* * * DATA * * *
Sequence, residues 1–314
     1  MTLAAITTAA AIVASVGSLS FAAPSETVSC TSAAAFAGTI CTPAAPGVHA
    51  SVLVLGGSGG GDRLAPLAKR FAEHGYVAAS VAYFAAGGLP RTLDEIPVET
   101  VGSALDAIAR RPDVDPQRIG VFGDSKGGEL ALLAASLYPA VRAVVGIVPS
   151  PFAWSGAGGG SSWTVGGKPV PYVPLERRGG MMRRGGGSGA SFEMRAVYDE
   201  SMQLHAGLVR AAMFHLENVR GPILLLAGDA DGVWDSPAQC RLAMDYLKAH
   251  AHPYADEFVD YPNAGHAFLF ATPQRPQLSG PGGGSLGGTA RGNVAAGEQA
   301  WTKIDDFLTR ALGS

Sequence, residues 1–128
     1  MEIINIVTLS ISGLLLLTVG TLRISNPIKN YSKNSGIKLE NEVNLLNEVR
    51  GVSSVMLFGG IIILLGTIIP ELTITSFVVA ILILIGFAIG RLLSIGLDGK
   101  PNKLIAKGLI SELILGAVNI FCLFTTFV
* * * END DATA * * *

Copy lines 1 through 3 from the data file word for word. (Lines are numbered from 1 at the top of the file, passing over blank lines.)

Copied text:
Sequence, residues 1–314
     1  MTLAAITTAA AIVASVGSLS FAAPSETVSC TSAAAFAGTI CTPAAPGVHA
    51  SVLVLGGSGG GDRLAPLAKR FAEHGYVAAS VAYFAAGGLP RTLDEIPVET